Holiday sales of PCs dip for first time in 5 years: IDC

PC sales

Holiday-season sales of personal computers fell for the first time in more than five years, according to tech industry tracker IDC, as Microsoft Corp's new Windows 8 operating system failed to excite buyers and many instead opted for tablet devices and smartphones.

The slump caps a miserable year for PC makers such as Hewlett-Packard Co, Lenovo Group and Dell Inc , which saw the first annual decline for more than a decade with no immediate signs of relief.

"The sense is that until Windows 8 is fully installed and prices start to come down, we will be in this state of negative dynamics in the PC market," said Aaron Rakers, an analyst at Stifel, Nicolaus & Co.

In the past, a new operating system from Microsoft tended to stimulate a spurt of new PC sales, but PC makers simply did not get enough attractive machines into the market, said IDC.

"Lost in the shuffle to promote a touch-centric PC, vendors have not forcefully stressed other features that promote a more secure, reliable and efficient user experience," said Jay Chou, senior research analyst at IDC.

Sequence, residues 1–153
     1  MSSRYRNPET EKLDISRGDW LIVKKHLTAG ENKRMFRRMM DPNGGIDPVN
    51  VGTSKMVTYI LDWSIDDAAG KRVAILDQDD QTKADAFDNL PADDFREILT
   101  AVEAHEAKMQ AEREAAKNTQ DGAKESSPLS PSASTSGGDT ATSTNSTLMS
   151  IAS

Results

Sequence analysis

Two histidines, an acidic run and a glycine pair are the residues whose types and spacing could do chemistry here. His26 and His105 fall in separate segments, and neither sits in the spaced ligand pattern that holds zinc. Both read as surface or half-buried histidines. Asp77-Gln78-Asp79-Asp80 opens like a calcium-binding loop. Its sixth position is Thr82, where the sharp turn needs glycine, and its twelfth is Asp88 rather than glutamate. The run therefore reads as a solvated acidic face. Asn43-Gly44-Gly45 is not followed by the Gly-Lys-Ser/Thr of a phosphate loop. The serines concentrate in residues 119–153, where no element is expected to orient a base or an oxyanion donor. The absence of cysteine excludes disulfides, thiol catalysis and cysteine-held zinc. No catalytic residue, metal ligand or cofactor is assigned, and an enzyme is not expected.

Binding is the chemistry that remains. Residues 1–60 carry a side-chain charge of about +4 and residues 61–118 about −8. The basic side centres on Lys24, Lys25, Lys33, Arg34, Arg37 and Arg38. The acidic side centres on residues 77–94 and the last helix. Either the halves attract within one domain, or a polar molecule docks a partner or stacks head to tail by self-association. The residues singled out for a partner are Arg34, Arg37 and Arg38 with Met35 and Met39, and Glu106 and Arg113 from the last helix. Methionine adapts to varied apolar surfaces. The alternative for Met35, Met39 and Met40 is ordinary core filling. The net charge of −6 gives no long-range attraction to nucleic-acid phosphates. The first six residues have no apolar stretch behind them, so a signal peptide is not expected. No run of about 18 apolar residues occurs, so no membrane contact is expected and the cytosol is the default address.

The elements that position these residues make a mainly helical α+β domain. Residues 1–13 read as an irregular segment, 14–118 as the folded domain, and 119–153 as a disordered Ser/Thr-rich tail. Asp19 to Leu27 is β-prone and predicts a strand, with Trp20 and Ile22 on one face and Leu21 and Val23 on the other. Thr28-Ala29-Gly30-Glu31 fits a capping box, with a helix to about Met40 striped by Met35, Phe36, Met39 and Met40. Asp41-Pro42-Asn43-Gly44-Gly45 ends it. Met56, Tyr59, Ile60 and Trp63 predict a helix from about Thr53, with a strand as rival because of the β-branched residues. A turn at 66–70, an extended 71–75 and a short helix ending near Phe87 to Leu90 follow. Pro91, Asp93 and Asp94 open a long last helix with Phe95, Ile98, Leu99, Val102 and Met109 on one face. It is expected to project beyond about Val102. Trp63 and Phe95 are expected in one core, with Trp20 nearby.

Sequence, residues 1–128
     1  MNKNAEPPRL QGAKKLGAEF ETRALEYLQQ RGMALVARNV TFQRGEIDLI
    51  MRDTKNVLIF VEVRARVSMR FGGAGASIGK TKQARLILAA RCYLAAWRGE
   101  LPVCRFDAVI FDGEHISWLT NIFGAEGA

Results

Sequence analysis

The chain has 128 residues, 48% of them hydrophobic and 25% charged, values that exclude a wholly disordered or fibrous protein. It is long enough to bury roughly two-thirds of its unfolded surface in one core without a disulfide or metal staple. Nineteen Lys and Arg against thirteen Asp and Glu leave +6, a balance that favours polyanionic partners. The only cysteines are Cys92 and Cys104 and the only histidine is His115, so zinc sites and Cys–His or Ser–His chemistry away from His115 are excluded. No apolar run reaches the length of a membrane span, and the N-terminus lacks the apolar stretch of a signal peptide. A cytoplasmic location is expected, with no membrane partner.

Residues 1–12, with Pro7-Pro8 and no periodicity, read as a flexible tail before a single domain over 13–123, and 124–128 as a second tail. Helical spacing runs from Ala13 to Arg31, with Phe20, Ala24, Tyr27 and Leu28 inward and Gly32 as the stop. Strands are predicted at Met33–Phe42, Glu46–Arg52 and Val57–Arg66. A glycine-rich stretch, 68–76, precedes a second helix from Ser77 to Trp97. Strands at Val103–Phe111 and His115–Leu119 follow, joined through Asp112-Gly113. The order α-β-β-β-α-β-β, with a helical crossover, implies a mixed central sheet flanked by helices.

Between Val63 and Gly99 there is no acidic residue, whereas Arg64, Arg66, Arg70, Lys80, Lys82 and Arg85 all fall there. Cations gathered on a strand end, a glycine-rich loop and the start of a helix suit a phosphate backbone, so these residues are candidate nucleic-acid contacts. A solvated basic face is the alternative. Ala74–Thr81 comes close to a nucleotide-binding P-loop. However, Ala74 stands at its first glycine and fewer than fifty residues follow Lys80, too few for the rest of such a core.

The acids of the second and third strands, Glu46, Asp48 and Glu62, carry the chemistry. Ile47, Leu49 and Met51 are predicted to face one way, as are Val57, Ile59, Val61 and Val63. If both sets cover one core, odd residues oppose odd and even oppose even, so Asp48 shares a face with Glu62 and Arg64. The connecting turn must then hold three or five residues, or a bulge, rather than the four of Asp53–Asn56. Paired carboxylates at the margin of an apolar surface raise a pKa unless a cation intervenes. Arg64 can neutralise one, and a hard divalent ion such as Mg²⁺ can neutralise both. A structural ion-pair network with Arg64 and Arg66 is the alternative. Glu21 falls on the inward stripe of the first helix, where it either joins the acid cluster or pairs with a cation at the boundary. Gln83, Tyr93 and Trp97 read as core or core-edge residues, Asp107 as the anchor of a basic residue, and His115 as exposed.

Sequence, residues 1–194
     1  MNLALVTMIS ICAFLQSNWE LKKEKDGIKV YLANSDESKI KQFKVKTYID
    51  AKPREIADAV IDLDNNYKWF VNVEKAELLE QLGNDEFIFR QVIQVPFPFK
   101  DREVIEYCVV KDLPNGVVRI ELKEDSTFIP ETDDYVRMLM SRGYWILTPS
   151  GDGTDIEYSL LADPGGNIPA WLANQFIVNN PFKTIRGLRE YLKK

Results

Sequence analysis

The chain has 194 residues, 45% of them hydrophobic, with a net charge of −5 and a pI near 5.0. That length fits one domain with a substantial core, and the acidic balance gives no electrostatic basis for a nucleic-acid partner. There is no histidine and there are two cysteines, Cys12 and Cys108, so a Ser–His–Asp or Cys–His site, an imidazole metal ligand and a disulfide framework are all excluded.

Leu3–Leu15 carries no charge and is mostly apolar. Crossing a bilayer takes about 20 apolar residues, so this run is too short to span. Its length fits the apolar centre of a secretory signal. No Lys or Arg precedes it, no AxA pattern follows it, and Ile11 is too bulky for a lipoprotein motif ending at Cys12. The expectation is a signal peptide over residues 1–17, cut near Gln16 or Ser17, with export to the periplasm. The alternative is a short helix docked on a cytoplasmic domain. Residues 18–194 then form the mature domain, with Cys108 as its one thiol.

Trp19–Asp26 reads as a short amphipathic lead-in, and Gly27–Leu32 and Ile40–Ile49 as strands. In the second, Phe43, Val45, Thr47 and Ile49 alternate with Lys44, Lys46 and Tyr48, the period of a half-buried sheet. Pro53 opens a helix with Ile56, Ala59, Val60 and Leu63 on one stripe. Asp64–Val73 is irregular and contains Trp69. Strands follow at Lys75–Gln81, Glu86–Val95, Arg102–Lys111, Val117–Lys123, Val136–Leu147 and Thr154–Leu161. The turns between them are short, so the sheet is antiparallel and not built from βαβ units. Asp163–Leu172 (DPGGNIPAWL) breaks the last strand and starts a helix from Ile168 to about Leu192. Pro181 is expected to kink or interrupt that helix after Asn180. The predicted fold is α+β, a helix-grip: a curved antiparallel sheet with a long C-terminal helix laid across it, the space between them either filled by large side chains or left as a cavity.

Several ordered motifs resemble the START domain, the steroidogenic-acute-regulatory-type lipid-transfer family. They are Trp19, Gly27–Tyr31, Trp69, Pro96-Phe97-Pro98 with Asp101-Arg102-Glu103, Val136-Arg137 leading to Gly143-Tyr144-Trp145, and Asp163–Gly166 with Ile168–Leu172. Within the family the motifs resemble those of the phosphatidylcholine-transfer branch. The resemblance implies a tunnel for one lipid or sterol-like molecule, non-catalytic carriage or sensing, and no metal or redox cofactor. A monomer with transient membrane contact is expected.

This year could be better, he suggested: "As Windows 8 matures, and other corresponding variables such as Ultrabook pricing continue to drop, hopefully the PC market can see a reset in both messaging and demand in 2013."

PC makers sold 89.8 million units worldwide in the fourth quarter of last year, down 6.4 percent from the same quarter of 2011. That was slightly worse than expected by most.

For all of 2012, 352 million PCs were sold, down 3.2 percent from 2011. That was the first annual decline since 2001, according to IDC.

IDC is forecasting a meager 2.8 percent growth in PC sales for 2013.

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